lapse

[laps]

noun

verb (used without object), lapsed, laps·ing.


Origin of lapse

1520–30; < Latin lāpsus an error, slipping, failing, equivalent to lāb(ī) to slide, slip, fall, make a mistake + -sus, for -tus suffix of v. action
Related formslaps·er, nounun·laps·ing, adjective
Dictionary.com Unabridged Based on the Random House Unabridged Dictionary, © Random House, Inc. 2019


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British Dictionary definitions for lapse

lapse

noun

a drop in standard of an isolated or temporary naturea lapse of justice
a break in occurrence, usage, etca lapse of five weeks between letters
a gradual decline or a drop to a lower degree, condition, or statea lapse from high office
a moral fall
law the termination of some right, interest, or privilege, as by neglecting to exercise it or through failure of some contingency
insurance the termination of coverage following a failure to pay the premiums

verb (intr)

to drop in standard or fail to maintain a norm
to decline gradually or fall in status, condition, etc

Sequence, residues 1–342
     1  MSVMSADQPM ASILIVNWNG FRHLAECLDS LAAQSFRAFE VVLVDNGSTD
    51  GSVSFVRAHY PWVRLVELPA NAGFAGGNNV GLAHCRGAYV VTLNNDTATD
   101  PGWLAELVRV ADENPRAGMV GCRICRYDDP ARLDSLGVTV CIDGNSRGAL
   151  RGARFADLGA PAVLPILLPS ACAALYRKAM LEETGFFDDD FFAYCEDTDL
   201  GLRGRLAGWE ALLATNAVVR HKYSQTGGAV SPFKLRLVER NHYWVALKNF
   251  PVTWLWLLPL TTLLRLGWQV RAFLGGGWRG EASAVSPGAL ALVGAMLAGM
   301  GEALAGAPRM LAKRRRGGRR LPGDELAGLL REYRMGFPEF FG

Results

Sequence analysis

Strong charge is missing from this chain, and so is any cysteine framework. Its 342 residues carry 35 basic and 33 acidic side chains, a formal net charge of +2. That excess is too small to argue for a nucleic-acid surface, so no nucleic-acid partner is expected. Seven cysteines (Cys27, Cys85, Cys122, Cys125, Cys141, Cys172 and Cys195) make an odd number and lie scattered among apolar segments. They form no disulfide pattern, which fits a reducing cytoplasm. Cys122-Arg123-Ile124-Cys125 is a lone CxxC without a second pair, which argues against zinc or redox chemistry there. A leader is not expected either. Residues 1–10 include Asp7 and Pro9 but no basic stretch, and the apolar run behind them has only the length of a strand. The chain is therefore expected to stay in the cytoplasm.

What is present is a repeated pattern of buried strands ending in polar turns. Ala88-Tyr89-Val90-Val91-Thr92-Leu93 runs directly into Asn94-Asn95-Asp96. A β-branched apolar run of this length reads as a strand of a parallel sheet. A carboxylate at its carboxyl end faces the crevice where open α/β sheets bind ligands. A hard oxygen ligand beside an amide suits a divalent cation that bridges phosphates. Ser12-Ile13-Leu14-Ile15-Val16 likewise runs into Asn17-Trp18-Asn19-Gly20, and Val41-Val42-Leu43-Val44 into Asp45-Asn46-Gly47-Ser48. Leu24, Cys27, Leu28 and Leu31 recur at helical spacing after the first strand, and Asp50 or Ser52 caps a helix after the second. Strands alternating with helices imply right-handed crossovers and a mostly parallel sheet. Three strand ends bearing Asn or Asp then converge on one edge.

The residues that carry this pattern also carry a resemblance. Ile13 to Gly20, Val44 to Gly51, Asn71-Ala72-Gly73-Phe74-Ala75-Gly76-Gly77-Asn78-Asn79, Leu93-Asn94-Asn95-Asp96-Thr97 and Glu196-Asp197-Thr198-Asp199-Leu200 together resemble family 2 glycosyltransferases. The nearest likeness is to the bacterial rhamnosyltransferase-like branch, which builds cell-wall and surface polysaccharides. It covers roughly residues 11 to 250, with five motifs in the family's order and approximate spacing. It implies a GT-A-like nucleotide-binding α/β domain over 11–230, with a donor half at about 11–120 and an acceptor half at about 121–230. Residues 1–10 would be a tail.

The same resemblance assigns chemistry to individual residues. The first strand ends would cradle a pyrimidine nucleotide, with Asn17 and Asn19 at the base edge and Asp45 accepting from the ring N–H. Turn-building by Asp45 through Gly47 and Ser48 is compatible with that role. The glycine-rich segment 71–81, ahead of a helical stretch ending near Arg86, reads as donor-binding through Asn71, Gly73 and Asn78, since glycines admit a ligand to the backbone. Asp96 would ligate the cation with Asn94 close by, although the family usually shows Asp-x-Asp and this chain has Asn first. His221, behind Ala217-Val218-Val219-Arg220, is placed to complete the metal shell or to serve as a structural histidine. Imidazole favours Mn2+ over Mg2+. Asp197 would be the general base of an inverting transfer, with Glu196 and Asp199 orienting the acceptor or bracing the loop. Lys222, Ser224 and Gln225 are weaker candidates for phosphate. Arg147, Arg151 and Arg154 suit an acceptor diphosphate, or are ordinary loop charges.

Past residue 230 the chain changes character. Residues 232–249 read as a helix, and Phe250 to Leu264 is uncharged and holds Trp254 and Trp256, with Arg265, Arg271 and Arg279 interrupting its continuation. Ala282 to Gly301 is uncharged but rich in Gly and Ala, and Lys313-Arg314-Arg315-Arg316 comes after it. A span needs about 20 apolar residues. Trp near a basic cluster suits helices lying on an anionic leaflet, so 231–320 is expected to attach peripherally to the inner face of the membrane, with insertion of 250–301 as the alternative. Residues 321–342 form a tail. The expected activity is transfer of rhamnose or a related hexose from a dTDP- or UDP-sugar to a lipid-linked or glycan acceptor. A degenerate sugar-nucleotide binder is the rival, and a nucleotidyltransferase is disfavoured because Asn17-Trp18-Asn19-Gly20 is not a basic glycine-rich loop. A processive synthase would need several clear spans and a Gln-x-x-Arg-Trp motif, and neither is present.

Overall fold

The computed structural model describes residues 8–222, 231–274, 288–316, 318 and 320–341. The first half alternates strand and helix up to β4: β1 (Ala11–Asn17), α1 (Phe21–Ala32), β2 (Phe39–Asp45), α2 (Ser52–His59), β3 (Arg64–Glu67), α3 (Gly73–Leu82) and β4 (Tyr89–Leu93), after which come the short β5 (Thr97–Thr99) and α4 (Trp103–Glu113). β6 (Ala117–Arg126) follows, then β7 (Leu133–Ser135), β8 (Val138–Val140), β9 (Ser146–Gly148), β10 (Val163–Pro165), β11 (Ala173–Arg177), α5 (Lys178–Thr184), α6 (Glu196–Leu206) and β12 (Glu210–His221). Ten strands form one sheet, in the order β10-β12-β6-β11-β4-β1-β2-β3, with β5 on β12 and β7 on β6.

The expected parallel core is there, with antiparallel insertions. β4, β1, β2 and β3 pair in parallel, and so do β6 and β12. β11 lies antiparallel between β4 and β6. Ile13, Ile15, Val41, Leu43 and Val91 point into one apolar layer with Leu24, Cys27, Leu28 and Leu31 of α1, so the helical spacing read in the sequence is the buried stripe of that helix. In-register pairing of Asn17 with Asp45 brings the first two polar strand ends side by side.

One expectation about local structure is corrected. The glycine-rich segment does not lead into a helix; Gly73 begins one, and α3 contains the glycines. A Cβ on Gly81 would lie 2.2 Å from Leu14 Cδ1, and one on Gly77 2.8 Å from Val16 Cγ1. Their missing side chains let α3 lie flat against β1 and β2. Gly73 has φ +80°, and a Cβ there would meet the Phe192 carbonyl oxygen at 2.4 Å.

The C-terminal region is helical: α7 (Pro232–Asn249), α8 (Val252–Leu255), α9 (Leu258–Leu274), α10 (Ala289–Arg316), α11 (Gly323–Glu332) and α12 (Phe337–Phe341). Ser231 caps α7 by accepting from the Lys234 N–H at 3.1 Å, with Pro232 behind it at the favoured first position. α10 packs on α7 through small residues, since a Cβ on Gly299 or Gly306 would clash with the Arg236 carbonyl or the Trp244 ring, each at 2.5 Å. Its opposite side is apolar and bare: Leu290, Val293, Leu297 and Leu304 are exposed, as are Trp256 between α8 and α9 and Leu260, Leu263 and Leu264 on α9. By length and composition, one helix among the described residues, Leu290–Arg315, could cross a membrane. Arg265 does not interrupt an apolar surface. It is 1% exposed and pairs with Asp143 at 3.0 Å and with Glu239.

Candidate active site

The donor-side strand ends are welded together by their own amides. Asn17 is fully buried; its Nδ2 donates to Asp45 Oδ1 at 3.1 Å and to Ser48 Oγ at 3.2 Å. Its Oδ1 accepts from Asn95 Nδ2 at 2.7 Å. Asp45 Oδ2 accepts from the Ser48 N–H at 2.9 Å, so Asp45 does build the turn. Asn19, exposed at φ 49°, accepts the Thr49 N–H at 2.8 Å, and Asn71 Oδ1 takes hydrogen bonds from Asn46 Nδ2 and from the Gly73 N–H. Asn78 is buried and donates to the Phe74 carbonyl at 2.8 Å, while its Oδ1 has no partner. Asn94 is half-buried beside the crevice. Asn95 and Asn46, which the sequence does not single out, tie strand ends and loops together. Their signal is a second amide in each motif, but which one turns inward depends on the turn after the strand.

to be discontinued, esp through negligence or other failure
(usually foll by into) to drift or slide (into a condition)to lapse into sleep
(often foll by from) to turn away (from beliefs or norms)
law (of a devise or bequest) to become void, as on the beneficiary's predeceasing the testator
(of time) to slip away
Derived Formslapsable or lapsible, adjectivelapsed, adjectivelapser, noun

Word Origin for lapse

C15: from Latin lāpsus error, from lābī to glide
Collins English Dictionary - Complete & Unabridged 2012 Digital Edition © William Collins Sons & Co. Ltd. 1979, 1986 © HarperCollins Publishers 1998, 2000, 2003, 2005, 2006, 2007, 2009, 2012

Word Origin and History for lapse
n.

mid-15c., "elapsing of time, expiration;" also "temporary forfeiture of a legal right," from Middle French laps "lapse," from Latin lapsus "a slipping and falling, flight (of time), falling into error," from labi "to slip, glide, fall." Meaning "moral transgression, sin" is c.1500; that of "slip of the memory" is 1520s; that of "a falling away from one's faith" is from 1650s.

v.

early 15c., said to be from lapse (n.) or from Latin lapsare "to lose one's footing." Related: Lapsed; lapses; lapsing.

Online Etymology Dictionary, © 2010 Douglas Harper